When Helene Steene looks out on the Aegean Sea from her home in Greece, she sees many things.
She sees serenity without distractions.
Passion and pain.
A force that has given and taken life.
And she sees beauty beyond words, which is fine, because she doesn't work in words.
Steene, who is based in Lexington, works in images, and her new show at the Headley-Whitney Museum, Aegean Echoes, is a window into her spiritual home.
"Where I am, if this is the house, the sea is by that wall," Steene says, standing on one side of the Headley-Whitney's main gallery and pointing to the other side. "It's that close, and I have this amazing vista of the horizon, and I spend a lot of time sitting and staring at the water. It is very contemplative to me."
It also provided Steene with a lot of images to bring to her medium, primarily wood, metal and paint.
In addition to filling the Headley-Whitney's main gallery, Aegean Echoes launches a new initiative for the museum, which is a gorgeous 10- to 15-minute drive down Old Frankfort Pike from downtown Lexington.
"We have always shown different local artists," said Amy Gundrum Greene, the Headley-Whitney's director and curator. "We decided to do a more obvious return to local artists and featuring local artists.
"It's important for museums to be tied to their community and display work from their community. We are hoping by displaying art from the community, more people will come out and support us."
The idea is not just exhibits. Greene says the museum aims to build events around exhibits, at least one each month of the display, to help highlight the work and the artist.
Aegean Echoes will start with an opening reception Sunday night. In September, it will host the annual fundraiser for Panagia Pantovasilissa Greek Orthodox Church. October will feature Aegean Echoes Inspired, an event with dance and poetry interpreting Steene's exhibit. In November, there will be a dance party with flamenco fusion band Alma Gitana.
"I think this really has the possibility of bringing the community closer together," Steene says. Her exhibit is preceded by short displays by area artists Ray Papka and Deborah Westerfield.
She says she is particularly interested to see what the poets for October's event, including Bianca Spriggs and Katerina Stoykova-Klemer, come up with in response to the exhibit.
"When I paint, I don't think in words at all," she says. "When the poets came here, I was very interested in their process, because they're trained to think in words."
Steene's work is driven by the image, from the texture of her surfaces to the colors with which she paints.
"The mood of the scraping that I do first really influences what happens," Steene says.
The Aegean Pink Skies Fresco illustrates her point. It's a half-sphere carved into the top of the wood, forming a sort of late-day sun, and horizontal lines define a horizon where the image dissolves into a rough green.
Looking around the room, Steene says that most of the images have a horizon line, reflective of the oceanic echoes.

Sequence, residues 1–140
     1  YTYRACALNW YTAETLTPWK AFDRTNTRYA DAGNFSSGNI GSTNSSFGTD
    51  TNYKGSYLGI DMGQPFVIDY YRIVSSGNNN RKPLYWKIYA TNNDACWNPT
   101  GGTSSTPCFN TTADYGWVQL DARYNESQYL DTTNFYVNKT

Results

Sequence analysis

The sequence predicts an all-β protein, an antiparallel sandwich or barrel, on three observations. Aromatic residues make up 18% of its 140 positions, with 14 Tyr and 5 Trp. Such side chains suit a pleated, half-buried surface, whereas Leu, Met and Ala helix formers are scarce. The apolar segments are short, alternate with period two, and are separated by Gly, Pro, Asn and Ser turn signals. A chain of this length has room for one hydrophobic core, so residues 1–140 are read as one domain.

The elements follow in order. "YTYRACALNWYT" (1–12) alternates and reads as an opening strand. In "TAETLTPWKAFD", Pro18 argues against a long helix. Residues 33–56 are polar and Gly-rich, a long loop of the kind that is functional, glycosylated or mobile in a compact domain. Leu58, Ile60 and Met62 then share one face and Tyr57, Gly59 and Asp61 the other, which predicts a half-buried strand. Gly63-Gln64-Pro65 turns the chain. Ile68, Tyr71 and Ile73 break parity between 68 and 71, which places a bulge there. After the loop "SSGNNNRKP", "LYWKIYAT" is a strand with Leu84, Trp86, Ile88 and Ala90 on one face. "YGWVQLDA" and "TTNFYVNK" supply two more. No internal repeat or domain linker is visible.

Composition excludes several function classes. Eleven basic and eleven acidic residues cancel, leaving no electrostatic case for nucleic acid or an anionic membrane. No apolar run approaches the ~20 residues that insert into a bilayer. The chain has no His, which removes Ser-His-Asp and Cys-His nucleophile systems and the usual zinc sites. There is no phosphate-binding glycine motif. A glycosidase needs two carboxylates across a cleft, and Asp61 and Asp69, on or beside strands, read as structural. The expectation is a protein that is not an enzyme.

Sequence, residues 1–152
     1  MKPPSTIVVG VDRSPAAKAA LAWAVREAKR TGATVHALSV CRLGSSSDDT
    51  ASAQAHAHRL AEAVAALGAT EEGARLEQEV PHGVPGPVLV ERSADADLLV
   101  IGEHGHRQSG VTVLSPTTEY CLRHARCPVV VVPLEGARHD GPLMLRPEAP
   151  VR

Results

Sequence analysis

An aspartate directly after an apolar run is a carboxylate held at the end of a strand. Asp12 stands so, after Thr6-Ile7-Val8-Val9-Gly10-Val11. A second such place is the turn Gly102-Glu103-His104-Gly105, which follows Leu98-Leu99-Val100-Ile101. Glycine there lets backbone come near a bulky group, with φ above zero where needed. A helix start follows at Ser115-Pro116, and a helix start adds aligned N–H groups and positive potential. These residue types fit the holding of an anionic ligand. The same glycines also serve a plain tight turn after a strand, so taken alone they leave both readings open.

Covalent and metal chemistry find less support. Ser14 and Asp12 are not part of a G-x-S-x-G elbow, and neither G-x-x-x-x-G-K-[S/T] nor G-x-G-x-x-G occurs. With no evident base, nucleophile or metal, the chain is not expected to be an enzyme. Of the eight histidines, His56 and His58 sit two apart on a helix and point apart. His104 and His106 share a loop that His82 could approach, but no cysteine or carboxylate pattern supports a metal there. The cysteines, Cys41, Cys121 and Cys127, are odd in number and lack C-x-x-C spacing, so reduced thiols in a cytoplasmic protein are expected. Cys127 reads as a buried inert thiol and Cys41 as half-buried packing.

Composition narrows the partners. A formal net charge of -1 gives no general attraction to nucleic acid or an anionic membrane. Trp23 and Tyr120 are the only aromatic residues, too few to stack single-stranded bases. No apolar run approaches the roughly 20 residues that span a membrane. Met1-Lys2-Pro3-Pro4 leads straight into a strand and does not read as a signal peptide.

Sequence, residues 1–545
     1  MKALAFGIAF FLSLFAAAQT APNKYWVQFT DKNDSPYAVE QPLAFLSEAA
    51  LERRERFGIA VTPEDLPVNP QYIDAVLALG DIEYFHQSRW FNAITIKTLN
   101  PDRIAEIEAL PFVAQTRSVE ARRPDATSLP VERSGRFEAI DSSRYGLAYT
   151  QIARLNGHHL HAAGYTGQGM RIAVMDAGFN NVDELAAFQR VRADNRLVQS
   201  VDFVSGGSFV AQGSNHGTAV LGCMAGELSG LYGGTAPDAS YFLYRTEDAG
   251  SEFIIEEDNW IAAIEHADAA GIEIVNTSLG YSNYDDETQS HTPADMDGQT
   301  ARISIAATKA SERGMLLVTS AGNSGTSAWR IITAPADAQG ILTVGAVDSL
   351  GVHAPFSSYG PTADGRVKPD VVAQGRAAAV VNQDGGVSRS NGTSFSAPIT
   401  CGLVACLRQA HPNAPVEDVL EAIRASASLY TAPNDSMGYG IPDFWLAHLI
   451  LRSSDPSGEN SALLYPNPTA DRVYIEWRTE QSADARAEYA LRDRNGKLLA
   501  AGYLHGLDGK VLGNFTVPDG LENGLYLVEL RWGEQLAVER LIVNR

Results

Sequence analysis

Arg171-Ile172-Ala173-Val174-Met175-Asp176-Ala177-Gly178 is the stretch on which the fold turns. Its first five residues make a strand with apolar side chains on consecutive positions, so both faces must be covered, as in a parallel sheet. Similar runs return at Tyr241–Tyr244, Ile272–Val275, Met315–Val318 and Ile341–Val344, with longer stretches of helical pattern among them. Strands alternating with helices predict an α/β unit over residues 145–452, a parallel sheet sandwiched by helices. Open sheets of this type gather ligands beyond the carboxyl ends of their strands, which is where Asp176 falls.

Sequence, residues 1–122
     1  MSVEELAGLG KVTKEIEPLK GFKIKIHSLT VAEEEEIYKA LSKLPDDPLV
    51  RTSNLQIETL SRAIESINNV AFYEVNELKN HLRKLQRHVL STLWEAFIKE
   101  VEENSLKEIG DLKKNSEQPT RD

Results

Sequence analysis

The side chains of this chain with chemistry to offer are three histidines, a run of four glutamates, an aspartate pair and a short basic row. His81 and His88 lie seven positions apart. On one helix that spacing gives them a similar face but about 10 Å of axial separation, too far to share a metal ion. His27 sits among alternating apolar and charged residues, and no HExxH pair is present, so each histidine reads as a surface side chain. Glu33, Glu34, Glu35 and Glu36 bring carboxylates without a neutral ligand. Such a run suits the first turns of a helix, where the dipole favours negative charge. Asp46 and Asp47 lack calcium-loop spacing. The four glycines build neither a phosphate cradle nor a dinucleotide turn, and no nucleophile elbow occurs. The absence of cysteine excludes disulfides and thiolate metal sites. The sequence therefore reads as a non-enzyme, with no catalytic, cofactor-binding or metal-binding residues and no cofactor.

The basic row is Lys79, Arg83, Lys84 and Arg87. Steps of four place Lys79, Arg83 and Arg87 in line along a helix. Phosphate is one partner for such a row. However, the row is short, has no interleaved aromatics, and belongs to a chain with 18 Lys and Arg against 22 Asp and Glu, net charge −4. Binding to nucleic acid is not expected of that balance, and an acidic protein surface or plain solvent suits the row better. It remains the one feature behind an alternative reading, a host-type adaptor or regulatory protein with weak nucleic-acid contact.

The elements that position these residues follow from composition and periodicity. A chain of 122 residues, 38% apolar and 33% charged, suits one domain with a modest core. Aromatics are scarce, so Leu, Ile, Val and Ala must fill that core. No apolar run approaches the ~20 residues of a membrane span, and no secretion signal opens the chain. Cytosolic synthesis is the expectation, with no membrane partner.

The echoes are audible, with a sound installation by University of Kentucky music student Jay Crutcher that plays in the room.
"My son said you can have everyone with earplugs and the music on their iPhones, and I said, 'No, that's not the way I want it,'" Steene says. "I wanted it in the room."
Crutcher's keyboard sounds slowly wash across the room, with occasional pings and rings echoing in the distance.
"Even though the colors are bright, I don't see my work at all as aggressive," Steene says. "It's a beauty to me when you're centered and it's all there. He's after that same kind of place."
Steene works through her pieces methodically, starting with the wood and scraping and then adding color, all the way to the edges. She knows her medium well, but she says she is very much a process artist, enjoying the revelations that come as she creates new works.
"That to me is where painting is fun, because you're hanging on the edge and you don't really know where you're going to go with things," Steene says. She points to a portion of Red Veil Fresco that employs a much brighter shade of red than she normally works with. As she worked it into the piece, she became excited by how it defined the work, and by a small splash of red in the lower right-hand corner of the work.
"I get excited over small things," Steene says, laughing.
But in the context of the Headley-Whitney's new show, Aegean Echoes has become a big deal.IF YOU GO
What: Paintings by Helene Steene with soundscape by Jay Crutcher and complementary works by Ray Papka and Deborah Westerfield.
When: Through Dec. 22. Gallery hours 10 a.m.-5 p.m. Wed.-Fri., noon-5 p.m. Sat., Sun.
Where: Headley-Whitney Museum, 4435 Old Frankfort Pike.
Admission: $10 general public, $7 students and ages 62 and older, free for ages 5 and younger.
Learn more: (859) 255-6653, Headley-whitney.org, Helenesteene.com.
■ Opening reception. 5:30-7:30 p.m. Aug. 11.
■ A Taste of the Aegean Greek fundraiser for Panagia Pantovasilissa Greek Orthodox Church. 6-8 p.m. Sept. 6. $25.
■ Aegean Echoes Inspired, interpretations of Aegean Echoes through dance and poetry. 2-4 p.m. Oct. 6. $5 donations.
■ Dance party with Alma Gitana. 6-8 p.m. Nov. 16. $25.